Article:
New Delhi: The number of Indian students pursuing higher studies abroad is soaring year by year. It has been learnt that nearly one in two billionaires (47%) in India have invested in overseas education for their children. This figure is way above the global average, which stands at 28%, and the Asia average of 38%, according to the Wealth Report 2017 by Knight Frank. The windfall id massive and the UK is cashing in on this in a surprising segment of the economy – property purchases. Education has become a critical driver of demand across prime residential markets in the UK, according to the Wealth Report.
“Good schools are a key driver of the housing market and their presence often helps to drive local property prices. The world’s wealthy want their children to be global citizens with school careers often spread across multiple locations whilst they gain insight into different cultures and languages,” Liam Bailey, Knight Frank’s Global Head of Research, said.
Notably, according to the report’s findings, ultra-high-net-worth individuals (UHNWI) in Asia rated education at 8 on a scale of 10 among essential factors influencing overseas property buys. It also showed that prime property prices around key London schools have risen significantly over the last five years. While the average surge in property prices around top schools in the British capital was 49.5%, similar neighbourhoods in Home Counties recorded an increase of 45.5%.
The global demand for berths in UK schools has also risen over the past 10 years. The number of students from Asia joining UK public schools between school year 2005-2006 and 2015-2016 increased by 41%. Students enrolling in UK schools from India rose by 19% during the same period.
Knight Frank LLP is the leading independent global property consultancy. Headquartered in London, Knight Frank has more than 15,000 people operating from 418 offices across 60 countries.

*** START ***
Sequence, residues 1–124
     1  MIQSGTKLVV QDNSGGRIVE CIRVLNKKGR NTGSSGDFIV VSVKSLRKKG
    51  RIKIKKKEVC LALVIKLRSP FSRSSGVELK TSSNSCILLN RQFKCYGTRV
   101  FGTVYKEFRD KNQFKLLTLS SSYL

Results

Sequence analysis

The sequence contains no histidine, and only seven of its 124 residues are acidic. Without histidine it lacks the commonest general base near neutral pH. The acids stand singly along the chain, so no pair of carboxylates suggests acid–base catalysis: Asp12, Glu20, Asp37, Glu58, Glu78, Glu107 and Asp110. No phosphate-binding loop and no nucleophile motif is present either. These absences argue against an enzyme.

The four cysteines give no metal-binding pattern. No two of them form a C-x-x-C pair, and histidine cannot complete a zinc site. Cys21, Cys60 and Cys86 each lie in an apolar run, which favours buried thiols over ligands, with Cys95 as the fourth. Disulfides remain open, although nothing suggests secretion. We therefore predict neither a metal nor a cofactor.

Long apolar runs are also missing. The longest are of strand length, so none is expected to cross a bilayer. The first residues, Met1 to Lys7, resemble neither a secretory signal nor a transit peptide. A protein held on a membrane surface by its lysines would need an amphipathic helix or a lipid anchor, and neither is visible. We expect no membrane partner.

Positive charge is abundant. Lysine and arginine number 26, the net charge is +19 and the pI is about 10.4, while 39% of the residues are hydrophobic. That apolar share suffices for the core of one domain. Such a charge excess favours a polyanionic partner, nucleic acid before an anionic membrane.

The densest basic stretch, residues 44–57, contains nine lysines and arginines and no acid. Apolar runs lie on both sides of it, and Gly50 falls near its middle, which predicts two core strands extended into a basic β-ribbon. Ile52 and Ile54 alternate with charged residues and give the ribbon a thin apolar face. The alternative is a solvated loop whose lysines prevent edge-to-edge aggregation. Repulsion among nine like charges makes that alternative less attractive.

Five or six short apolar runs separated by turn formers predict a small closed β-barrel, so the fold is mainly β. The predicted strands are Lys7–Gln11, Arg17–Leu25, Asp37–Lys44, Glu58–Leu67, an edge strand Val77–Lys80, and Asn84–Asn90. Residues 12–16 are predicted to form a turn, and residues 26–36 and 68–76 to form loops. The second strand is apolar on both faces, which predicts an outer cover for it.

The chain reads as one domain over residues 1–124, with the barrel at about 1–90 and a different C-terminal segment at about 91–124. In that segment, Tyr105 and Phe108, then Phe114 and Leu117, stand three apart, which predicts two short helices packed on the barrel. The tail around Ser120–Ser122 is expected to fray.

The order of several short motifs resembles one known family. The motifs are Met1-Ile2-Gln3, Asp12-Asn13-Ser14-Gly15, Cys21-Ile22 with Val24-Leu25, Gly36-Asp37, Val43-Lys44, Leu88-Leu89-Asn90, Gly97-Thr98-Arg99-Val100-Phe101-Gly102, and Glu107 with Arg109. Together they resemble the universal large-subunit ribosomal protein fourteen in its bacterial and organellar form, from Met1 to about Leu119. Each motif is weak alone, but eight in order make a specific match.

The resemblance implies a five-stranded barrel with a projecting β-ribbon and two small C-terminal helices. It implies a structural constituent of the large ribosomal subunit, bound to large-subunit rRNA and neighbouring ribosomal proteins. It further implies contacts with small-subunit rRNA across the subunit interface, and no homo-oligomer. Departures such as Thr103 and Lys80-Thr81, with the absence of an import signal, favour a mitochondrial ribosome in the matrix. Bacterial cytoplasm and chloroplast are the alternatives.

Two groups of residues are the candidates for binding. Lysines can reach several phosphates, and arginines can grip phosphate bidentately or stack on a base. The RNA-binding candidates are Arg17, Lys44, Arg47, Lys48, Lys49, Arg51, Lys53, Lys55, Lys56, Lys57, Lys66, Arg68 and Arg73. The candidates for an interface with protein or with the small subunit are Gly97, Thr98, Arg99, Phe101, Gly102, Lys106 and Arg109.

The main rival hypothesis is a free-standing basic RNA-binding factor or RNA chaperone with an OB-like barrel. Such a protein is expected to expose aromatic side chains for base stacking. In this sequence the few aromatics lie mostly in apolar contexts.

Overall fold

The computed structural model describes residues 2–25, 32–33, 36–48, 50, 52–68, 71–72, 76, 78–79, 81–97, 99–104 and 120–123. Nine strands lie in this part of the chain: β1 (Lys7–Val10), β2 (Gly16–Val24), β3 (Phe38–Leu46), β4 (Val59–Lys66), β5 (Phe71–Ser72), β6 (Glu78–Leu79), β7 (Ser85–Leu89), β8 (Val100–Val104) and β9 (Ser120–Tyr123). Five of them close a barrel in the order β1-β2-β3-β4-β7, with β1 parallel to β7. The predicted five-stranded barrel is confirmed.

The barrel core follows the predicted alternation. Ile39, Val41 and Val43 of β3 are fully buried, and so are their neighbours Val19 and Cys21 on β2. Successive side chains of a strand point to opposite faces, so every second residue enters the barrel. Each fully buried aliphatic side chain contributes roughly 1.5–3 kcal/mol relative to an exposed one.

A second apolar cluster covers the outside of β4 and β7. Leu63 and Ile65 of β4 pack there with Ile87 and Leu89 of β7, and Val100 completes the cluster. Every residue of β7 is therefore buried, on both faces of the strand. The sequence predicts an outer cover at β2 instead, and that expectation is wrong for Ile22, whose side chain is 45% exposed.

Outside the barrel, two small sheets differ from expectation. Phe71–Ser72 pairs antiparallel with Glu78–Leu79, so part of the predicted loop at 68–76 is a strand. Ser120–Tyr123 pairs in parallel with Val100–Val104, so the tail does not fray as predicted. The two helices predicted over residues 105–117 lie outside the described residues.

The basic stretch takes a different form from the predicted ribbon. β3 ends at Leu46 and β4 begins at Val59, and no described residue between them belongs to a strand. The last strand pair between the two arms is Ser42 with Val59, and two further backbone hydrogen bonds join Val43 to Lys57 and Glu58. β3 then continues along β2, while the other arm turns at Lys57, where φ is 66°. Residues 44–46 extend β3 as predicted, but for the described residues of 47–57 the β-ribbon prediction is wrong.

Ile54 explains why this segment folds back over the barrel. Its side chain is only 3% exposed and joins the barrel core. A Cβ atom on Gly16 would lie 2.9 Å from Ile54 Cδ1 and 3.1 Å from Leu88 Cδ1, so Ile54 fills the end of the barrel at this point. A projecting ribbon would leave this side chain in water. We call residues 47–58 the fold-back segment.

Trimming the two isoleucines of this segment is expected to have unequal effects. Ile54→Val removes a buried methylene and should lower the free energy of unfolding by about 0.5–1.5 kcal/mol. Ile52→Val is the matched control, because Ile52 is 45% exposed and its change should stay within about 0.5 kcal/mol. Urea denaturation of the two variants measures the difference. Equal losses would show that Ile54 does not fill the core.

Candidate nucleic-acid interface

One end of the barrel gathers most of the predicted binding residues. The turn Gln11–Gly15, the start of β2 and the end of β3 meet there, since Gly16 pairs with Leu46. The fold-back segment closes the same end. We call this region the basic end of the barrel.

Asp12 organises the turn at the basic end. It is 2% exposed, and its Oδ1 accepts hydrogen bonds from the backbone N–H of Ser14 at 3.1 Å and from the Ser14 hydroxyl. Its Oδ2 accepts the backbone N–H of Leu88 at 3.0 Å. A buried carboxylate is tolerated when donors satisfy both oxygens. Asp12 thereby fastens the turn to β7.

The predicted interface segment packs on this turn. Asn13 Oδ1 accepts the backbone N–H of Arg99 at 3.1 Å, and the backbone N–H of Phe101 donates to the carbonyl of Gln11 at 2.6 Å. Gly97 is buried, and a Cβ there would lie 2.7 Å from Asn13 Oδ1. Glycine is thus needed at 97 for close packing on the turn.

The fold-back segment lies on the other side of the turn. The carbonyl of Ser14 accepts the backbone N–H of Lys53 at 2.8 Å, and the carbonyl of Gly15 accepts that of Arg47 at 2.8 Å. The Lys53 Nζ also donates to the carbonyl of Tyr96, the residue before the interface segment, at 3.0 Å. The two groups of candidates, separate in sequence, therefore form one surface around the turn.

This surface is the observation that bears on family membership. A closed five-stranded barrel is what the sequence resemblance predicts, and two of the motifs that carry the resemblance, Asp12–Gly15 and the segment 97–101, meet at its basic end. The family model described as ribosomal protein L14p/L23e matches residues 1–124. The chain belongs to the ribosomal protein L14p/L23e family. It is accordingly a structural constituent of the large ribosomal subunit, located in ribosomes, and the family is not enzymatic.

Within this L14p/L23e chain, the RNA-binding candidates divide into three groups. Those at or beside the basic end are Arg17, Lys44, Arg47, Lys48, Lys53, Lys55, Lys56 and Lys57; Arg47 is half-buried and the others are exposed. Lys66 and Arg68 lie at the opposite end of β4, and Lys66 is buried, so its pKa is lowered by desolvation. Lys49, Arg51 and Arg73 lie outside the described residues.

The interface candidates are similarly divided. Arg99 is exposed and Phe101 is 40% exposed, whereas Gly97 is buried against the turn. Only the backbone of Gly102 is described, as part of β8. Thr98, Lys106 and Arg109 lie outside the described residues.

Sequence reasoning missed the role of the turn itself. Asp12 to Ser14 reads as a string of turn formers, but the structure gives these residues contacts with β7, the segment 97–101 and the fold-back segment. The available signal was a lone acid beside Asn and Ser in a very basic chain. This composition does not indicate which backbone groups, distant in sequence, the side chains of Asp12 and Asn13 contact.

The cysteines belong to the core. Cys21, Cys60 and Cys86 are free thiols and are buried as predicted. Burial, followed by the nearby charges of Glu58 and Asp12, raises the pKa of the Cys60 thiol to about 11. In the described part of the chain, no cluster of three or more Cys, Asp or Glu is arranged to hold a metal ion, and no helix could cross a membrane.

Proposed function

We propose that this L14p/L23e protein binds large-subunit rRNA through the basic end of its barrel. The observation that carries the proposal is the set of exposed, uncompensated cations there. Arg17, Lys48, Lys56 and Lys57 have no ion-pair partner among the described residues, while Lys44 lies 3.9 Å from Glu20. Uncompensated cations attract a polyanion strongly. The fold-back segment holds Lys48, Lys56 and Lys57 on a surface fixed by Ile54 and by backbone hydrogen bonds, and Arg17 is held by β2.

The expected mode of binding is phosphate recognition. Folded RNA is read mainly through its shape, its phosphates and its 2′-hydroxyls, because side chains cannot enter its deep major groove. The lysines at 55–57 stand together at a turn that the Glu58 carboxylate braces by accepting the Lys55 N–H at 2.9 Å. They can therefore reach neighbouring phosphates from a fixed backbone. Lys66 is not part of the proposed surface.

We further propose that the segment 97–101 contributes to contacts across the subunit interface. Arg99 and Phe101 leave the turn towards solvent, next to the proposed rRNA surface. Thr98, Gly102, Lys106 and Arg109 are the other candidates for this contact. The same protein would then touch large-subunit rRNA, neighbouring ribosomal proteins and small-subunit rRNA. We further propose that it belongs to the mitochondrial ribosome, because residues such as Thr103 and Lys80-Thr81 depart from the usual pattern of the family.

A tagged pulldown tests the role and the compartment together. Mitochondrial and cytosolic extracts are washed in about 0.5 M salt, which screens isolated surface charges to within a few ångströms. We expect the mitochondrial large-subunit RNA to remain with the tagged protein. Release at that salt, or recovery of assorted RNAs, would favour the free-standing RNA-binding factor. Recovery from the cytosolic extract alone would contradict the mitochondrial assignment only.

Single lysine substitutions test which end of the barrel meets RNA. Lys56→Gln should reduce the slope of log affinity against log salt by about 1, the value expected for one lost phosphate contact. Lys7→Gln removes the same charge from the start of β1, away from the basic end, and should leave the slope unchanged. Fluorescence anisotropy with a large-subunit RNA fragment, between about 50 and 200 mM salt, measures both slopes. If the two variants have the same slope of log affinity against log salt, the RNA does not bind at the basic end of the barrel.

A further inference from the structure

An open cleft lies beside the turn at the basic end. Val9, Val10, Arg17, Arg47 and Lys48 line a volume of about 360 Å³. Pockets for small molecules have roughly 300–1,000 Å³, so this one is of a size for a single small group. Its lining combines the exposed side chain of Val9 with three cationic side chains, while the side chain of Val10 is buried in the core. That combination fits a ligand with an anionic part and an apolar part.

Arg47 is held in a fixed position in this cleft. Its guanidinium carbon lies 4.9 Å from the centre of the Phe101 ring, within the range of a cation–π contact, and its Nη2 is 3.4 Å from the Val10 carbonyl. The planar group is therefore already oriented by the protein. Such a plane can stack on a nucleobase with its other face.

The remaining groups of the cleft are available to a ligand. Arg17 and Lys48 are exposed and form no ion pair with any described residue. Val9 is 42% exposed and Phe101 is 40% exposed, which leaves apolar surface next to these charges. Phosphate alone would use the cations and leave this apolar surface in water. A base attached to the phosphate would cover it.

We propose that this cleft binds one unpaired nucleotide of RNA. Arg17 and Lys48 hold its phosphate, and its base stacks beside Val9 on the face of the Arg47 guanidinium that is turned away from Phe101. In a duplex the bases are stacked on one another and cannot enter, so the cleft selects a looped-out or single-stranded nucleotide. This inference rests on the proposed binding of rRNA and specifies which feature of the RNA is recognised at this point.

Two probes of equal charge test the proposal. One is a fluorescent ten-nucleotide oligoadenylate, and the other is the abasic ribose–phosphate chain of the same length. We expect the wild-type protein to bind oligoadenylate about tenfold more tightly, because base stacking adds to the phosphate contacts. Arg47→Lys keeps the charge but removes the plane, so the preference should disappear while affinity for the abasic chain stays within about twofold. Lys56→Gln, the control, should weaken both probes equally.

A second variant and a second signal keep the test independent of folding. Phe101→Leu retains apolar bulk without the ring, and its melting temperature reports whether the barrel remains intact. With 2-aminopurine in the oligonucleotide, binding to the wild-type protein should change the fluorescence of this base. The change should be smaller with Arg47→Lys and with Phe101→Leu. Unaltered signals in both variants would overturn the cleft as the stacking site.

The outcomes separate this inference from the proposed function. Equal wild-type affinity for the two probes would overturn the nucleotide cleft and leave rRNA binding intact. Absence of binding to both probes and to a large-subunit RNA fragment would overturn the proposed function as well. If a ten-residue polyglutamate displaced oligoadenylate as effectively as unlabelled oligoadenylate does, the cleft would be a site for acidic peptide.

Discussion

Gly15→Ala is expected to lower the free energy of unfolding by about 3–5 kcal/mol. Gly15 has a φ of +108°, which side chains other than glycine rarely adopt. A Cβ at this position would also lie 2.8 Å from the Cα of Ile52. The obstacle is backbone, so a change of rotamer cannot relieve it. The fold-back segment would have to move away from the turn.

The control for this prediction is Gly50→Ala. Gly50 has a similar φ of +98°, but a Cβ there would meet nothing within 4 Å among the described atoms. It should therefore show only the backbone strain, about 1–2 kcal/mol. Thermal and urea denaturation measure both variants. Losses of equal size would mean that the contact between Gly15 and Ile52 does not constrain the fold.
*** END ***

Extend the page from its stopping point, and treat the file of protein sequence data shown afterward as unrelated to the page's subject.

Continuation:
Meanwhile, Indians registered an impressive double-digit growth of 12.3 per cent in the last one year to become the second largest group of international students in the US after China, contributing $6.5 billion to the country’s economy in 2016, a report had said.
In the 2016-17 academic year, 186,267 students from India were studying in the US, said the annual Open Doors report of the Institute of International Education (IIE) released. India is the second leading place of origin for students coming to the US, comprising 17.3 per cent of the total international students in the US, it said.
China had a total of 350,755 students, registering an increase of 6.8 per cent.
The majority of Indian students in the US study at the graduate level, the report said, adding in 2016-17, their breakdown was: 11.8 per cent undergraduate; 56.3 per cent graduate students; 1.2 per cent other; and 30.7 per cent OPT (Optional Practical Training)
Last year, Indian students in US colleges and universities contributed USD 6.54 billion to the US economy, the report said, citing a Department of Commerce figure.